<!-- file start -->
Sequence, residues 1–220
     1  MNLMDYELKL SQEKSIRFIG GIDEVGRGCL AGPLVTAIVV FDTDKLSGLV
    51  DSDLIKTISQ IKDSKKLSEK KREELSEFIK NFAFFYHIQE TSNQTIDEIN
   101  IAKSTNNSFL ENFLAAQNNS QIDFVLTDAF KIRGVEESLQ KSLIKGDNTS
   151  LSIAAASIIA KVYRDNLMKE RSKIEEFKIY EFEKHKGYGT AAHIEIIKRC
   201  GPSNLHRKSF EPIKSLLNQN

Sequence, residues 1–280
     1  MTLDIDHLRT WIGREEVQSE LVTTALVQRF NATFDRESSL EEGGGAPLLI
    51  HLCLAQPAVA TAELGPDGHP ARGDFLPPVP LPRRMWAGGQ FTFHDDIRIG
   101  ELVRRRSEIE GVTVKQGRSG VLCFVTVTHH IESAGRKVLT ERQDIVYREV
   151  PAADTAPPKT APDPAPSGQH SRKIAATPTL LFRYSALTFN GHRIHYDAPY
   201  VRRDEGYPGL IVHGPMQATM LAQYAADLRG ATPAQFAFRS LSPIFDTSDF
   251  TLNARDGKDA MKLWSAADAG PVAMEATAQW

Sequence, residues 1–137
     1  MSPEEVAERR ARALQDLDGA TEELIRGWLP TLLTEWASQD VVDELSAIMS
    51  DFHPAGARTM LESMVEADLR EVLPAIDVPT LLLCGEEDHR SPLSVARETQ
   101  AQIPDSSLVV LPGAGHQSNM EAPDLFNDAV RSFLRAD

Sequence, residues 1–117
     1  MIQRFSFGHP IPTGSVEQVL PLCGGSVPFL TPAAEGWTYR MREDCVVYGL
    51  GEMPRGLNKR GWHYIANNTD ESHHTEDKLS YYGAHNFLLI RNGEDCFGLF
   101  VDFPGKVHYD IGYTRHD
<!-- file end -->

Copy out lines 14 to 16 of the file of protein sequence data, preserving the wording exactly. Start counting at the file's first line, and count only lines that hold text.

Sequence, residues 1–137
     1  MSPEEVAERR ARALQDLDGA TEELIRGWLP TLLTEWASQD VVDELSAIMS
    51  DFHPAGARTM LESMVEADLR EVLPAIDVPT LLLCGEEDHR SPLSVARETQ